(Samkhretis Karibche.)

TBILISI, DFWatch–The minaret that was dismantled in southern Georgia earlier in the week and taken to Tbilisi has been returned to its village, but remains in pieces for the time being.

The Revenue Service, which promised to rebuild it where it once stood at a mosque in Chela , instead sealed it at a location outside of the village without anybody keeping watch.

The Friday prayer yesterday was conducted at the mosque while the minaret stayed at the storage place.

According to Samkhretis Karibche, a local media outlet, the storage site is located two kilometers from the village. Police oversaw the unloading of the dismantled minaret. Representatives of the local governments in the Samtskhe Javakheti region and Adigeni were also present.

The Muslim community in Georgia now hopes that the government will get the legislation in place to regulate the issue of minarets and mosques.

When the minaret in Chela, which was constructed a month and a half ago, was dismantled on August 26, it caused a protest among the locals who tried to confront the police, leading to 21 people being detained.

Despite the promise from the Revenue Service to rebuild the minaret, the Georgian Patriarchate and the Muslims community in Georgia agreed to not put it back up yet, but instead seal it and keep it in storage until legislation is in place to regulate teh construction of religious buildings.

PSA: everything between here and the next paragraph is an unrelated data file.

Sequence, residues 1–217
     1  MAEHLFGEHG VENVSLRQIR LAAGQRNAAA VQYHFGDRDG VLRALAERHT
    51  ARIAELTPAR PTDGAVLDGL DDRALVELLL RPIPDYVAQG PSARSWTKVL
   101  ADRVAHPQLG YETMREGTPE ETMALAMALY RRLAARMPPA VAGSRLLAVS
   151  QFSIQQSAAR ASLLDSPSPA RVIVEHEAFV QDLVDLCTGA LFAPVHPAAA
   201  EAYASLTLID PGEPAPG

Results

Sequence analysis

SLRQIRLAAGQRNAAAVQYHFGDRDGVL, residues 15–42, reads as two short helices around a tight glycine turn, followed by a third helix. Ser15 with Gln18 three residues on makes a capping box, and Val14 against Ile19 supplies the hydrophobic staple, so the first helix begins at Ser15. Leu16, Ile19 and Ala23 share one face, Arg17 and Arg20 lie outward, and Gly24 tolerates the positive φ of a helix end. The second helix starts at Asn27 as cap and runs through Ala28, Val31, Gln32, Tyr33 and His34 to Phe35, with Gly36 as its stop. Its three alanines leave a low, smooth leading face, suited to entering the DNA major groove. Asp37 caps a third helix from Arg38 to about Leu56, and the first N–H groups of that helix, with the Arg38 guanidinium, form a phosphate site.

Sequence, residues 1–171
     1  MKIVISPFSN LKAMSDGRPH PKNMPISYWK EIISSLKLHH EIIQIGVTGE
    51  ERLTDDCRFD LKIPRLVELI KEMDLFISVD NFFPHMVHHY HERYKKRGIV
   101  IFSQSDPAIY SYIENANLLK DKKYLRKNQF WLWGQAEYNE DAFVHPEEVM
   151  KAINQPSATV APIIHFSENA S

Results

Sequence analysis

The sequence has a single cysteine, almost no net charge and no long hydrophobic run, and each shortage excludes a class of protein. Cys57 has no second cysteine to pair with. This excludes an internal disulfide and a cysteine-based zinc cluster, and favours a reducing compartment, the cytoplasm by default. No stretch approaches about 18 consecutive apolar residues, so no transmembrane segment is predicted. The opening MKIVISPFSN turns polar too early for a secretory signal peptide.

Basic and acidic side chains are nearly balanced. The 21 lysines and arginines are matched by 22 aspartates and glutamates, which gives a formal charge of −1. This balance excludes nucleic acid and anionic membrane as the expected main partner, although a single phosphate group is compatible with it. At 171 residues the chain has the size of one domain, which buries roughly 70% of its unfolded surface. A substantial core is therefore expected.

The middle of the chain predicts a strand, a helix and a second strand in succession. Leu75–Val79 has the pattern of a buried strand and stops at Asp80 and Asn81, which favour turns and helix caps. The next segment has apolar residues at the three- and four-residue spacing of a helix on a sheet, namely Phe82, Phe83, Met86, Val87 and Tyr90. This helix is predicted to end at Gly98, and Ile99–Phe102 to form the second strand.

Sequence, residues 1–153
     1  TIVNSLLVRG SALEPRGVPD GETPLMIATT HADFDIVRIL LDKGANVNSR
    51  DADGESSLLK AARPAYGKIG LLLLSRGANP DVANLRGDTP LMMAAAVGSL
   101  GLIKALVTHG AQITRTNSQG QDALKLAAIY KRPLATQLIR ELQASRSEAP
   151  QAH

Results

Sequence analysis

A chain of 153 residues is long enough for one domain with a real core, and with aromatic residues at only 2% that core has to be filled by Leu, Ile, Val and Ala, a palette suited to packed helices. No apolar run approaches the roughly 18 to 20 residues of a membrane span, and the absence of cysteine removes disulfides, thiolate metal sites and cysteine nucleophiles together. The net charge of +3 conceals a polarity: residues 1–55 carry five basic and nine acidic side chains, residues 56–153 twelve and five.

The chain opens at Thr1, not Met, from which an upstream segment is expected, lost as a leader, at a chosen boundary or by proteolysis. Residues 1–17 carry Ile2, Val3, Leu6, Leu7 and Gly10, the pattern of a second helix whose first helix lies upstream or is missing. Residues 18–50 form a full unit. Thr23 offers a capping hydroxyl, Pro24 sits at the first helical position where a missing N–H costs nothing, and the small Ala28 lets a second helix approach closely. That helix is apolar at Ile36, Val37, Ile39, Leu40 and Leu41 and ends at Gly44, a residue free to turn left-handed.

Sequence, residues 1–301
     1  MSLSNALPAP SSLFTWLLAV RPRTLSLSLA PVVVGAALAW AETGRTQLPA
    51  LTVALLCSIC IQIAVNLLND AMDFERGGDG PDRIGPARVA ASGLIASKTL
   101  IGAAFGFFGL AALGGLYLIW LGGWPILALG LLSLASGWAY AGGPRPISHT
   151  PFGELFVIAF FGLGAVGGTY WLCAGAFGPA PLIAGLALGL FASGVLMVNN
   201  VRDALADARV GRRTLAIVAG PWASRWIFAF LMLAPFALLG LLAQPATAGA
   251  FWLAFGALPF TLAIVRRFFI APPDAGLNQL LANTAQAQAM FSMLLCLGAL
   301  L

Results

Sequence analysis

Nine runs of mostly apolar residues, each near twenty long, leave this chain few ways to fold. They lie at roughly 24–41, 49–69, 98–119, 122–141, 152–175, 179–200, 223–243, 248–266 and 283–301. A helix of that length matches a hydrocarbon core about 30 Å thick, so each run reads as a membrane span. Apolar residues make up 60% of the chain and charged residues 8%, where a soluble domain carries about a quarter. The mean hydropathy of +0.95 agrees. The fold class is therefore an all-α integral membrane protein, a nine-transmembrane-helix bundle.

Muslims who protested in Batumi disagreed with the compromise and claimed that the Patriarchate can’t decide issues that concern Muslims. They say it is a decision the government shoud make and they continue their protest until the minaret is back up at the mosque in Chela.

The Republican Party, which is part of the ruling Georgian Dream coalition, on Friday said the minaret was constructed in violation of law; however when it comes to the religious issues, the government must not allow tension on religious grounds as religious tolerance is more important.

The party also expresses concern about the decisions made by clerics, who are giving promises that the minaret will not be restored.

“The church is separated from the government in Georgia and relations between the government and the Orthodox Church is regulated by a constitutional agreement and current legislation,” the Republican Party’s statement reads.

“As the government doesn’t have a right to intervene in religious life, the church also doesn’t have a right to take over the functions of the state.”

The party writes that government bodies must carry out decisions made in accordance with legislation about the issue of restoring the minaret.